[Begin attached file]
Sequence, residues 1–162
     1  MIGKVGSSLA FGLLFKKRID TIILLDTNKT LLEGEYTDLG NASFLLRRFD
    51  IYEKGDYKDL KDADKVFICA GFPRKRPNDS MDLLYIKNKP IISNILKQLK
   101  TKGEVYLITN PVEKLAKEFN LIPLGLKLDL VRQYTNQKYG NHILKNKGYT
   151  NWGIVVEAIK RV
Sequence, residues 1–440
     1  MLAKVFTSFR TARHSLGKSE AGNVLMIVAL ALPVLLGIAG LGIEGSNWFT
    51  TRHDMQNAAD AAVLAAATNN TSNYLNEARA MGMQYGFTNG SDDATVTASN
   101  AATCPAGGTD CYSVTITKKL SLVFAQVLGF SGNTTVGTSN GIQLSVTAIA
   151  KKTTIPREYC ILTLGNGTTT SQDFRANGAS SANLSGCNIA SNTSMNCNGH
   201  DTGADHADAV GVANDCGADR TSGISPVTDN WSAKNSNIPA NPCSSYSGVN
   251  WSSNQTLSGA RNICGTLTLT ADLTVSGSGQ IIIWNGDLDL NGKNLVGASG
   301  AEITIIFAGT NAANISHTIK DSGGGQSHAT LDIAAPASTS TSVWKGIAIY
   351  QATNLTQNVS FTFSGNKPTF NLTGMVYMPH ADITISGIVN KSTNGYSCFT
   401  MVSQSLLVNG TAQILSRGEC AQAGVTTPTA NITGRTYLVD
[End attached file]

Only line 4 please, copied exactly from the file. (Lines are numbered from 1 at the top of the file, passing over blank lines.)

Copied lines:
   101  TKGEVYLITN PVEKLAKEFN LIPLGLKLDL VRQYTNQKYG NHILKNKGYT